NCFA awards for imperialism

Today the NCFA announced they are going to award attorney Debbie Wynbrow and her husband and partner, Brad Oliver with induction in their notorious and self proclaimed Adoption Hall of Fame. Debbie and Brad can now join the ranks of people like Larry "I'm not Gay" Craig and organizations such as LDS Chilren's Services, awarded earlier for the great work they did in the case of Baby Tamia.

Wynbrow and Oliver obviously deserve the reward for bypassing South African regulations and therefore creating a precedent which will make adoption from South Africa easier. In the case of Baby R they successfuly fought on behalf of an American couple to adopt a South African child, which was opposed by Centre for Child Law (CCL) at the University of Pretoria, accusing the American couple and their lawyer of “bypassing” procedures ordained by the legislature, of “forum shopping” and of “self-help”.

From now on South African Babies R US.


Natural resources

Last look, there seems to be plenty of children needing help through responsible and loving guardians here in our own country.  WHY a couple feels the need to travel around the world to find a needing child is beyond me.

My bet is there are children in everyone's neighborhood who could use a little mentoring attention, but for the starter-adopter-wanna-be, why not peruse the following pages, and see what's still lacking in the United States?

Adopt America Network - "There are 114,000 children in the U.S. foster care system eligible and waiting to be adopted.  These children have lived through loss, neglect and abuse and it is not their fault."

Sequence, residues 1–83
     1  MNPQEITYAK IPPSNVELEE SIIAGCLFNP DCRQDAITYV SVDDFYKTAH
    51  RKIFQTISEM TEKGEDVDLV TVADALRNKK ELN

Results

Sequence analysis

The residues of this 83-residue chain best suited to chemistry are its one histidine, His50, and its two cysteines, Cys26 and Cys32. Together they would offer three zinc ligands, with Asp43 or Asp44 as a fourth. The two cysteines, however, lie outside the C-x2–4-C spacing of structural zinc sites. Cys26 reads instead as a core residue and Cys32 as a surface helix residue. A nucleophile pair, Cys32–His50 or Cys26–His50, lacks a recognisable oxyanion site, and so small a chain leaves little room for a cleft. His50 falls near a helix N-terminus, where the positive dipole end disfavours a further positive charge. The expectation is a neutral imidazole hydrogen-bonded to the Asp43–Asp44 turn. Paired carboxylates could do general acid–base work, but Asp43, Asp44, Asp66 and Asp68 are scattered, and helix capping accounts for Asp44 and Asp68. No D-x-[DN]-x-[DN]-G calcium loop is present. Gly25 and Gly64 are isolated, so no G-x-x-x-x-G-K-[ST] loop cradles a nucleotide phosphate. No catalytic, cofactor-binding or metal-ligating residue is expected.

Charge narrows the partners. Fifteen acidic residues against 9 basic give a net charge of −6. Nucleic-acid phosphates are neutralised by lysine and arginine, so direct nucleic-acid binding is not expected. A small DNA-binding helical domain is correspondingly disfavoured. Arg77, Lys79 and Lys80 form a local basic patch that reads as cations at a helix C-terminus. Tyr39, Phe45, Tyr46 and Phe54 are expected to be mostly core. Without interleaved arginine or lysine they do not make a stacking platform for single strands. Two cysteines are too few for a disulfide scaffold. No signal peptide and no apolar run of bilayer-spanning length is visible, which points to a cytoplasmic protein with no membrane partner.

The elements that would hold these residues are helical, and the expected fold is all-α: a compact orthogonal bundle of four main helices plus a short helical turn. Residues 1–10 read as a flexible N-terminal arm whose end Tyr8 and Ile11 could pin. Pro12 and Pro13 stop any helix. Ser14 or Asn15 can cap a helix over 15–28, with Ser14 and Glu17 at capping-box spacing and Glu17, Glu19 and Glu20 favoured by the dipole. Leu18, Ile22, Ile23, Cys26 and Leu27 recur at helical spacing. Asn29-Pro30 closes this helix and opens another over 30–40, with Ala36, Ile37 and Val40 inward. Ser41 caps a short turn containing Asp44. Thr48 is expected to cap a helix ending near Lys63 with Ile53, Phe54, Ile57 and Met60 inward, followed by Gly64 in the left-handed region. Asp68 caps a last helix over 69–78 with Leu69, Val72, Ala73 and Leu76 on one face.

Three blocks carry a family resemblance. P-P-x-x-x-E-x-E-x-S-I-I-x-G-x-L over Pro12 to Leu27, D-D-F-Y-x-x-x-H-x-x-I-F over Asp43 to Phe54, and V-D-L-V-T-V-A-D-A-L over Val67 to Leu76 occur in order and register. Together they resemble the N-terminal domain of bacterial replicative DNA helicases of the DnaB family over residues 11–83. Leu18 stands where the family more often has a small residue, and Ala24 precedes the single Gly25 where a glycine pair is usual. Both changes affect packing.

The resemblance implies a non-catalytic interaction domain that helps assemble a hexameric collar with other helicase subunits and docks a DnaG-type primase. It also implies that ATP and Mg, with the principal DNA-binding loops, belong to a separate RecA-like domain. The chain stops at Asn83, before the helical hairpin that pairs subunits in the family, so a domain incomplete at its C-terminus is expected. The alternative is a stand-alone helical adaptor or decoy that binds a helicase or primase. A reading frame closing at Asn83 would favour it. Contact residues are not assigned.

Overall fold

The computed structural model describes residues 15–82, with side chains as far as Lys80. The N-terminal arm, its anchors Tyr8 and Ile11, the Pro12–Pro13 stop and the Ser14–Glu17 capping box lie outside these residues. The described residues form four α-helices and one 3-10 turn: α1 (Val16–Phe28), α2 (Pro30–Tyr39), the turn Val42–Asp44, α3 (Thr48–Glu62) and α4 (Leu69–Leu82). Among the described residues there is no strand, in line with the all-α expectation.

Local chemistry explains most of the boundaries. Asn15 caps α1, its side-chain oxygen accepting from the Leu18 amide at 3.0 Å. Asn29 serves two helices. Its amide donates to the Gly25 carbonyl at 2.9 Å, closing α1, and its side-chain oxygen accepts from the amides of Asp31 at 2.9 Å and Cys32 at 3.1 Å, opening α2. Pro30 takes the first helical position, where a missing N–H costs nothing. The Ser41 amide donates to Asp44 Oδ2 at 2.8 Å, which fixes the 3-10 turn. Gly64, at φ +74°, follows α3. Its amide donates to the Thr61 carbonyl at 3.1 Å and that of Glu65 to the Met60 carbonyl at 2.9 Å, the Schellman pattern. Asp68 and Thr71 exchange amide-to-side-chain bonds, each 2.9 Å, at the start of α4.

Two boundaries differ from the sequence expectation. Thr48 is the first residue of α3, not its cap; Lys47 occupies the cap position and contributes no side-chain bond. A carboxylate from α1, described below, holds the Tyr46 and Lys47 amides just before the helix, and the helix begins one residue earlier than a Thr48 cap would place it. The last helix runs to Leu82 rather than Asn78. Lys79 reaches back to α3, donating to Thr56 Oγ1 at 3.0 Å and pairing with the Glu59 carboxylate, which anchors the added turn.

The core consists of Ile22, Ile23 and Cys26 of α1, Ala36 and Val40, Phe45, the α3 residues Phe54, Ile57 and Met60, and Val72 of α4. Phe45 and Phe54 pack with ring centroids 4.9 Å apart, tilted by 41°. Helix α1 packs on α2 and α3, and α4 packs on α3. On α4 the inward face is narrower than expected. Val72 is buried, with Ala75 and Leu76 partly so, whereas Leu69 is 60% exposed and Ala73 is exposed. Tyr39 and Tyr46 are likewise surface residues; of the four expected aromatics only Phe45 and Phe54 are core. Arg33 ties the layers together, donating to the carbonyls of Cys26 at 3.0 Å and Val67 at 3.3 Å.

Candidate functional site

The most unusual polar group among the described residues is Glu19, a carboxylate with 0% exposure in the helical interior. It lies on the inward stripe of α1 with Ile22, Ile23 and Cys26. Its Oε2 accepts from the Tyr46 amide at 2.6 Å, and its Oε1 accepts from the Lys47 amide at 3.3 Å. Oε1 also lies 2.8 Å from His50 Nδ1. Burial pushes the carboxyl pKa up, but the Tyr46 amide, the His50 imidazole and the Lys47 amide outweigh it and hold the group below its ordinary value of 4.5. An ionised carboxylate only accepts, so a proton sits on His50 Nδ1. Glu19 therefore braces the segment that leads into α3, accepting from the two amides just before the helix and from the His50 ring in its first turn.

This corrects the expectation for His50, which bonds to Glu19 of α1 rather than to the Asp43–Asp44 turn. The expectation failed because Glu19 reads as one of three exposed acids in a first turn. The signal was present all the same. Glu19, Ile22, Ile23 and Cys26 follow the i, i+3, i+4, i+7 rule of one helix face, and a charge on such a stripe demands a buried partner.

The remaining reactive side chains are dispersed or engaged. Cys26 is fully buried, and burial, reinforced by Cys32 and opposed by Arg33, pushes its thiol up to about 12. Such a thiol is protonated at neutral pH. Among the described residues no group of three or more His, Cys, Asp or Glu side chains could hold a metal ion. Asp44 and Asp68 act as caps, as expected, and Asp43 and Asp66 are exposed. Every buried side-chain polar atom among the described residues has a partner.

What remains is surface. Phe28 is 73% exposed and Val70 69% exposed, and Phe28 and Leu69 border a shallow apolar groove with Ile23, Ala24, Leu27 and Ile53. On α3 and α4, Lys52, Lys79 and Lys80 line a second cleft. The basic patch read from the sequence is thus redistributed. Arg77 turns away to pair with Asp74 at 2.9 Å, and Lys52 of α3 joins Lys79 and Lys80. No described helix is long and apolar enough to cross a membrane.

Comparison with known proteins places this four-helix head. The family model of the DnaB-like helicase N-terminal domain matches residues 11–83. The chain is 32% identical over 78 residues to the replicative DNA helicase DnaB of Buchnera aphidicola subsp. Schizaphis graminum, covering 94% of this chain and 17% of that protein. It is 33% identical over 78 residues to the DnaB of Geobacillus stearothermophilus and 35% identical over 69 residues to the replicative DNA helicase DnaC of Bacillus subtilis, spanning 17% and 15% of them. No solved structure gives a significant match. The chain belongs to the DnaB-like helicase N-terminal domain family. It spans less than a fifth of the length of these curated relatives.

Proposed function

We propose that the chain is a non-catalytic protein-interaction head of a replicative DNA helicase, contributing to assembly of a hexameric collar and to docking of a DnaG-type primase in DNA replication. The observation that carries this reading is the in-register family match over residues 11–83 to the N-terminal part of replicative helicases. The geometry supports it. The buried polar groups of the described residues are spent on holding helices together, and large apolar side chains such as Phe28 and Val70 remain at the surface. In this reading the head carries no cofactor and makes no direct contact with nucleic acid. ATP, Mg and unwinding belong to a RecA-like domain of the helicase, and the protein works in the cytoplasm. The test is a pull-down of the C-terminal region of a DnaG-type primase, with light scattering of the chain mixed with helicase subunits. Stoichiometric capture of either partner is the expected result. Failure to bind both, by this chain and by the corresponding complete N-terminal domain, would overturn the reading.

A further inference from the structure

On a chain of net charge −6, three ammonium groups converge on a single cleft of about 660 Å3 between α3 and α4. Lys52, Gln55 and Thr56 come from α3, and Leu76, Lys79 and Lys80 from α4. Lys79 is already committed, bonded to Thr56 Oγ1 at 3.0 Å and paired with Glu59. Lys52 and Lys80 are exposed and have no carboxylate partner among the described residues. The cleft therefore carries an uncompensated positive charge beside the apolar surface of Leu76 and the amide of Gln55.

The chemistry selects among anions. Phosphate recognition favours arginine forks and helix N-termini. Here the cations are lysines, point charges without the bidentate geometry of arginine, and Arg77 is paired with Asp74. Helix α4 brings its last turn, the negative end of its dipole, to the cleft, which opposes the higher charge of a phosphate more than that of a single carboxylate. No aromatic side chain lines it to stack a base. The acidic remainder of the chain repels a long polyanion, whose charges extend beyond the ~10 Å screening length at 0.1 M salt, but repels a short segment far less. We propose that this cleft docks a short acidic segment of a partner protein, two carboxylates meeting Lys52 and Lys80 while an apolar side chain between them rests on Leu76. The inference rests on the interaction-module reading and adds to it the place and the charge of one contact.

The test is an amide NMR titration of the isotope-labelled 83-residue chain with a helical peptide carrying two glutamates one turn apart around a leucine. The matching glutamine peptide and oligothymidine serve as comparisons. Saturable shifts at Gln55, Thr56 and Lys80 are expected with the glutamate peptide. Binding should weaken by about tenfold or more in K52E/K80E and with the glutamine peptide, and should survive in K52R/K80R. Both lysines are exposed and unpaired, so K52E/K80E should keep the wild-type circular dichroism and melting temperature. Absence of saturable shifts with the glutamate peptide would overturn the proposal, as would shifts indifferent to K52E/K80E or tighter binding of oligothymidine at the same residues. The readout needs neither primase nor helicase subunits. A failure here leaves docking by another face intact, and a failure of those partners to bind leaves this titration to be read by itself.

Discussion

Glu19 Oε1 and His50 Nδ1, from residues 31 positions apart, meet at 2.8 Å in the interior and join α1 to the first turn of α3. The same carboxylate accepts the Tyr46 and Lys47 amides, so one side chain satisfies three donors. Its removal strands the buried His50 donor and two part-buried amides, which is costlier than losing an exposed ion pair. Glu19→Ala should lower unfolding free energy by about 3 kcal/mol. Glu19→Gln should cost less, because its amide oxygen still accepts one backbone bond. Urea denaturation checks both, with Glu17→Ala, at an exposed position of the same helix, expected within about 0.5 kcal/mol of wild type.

Adopt US Kids - "The Collaboration to AdoptUsKids is supported through a cooperative agreement between the Children's Bureau, Administration for Children & Families, the US Department of Health & Human Services, and the Adoption Exchange Association. Collaboration partners include: University of Texas at Austin School of Social Work, Northwest Adoption Exchange, North American Council on Adoptable Children, National Foster Parent Association, and The Adoption Exchange Inc."

Children Awaiting Parents - "A national not-for-profit charitable organization that recruits foster and adoptive families for special needs children who have been waiting the longest for a "forever" family. We have brought together more than 5,000 children and families in our 35 years of service."
National Adoption Center - "Since 1972, the Center has helped to find adoptive families for more than 21,000 U.S. children. Most children waiting to be adopted are school-aged or in a sibling group that needs to stay together. Many have emotional disabilities; others have physical, mental or developmental disabilities. All need the love of a permanent family."

Why import children at all?

While you are absolutely right there are plenty of children in foster case photolisted, it is highly dubious they are all awaiting adoption. It almost looks as if every child in foster care nowadays is eligible for adoption, making adoption a defacto option for children whose family situation is somehow disturbed.

These photolistings are sickening to me and the accompanying texts read as if written by some pastoral worker with two years of secondary education, advertizing the do-gooder organizations behind the websites, who line their pockets with federal and state money. Obviously there is no need to import children from other countries, in fact the United States of America even exports children, to countries like the UK, Germany and the Netherlands. Couples from those countries hire lawyers to adopt children from America, because the process in the US is easier and goes faster than anywhere else in the world. Short waiting periods and few regulations are making the US a more and more popular country to adopt from. Like many of the children from the photolists, and the children imported from Africa, these are mainly black children.

Pound Pup Legacy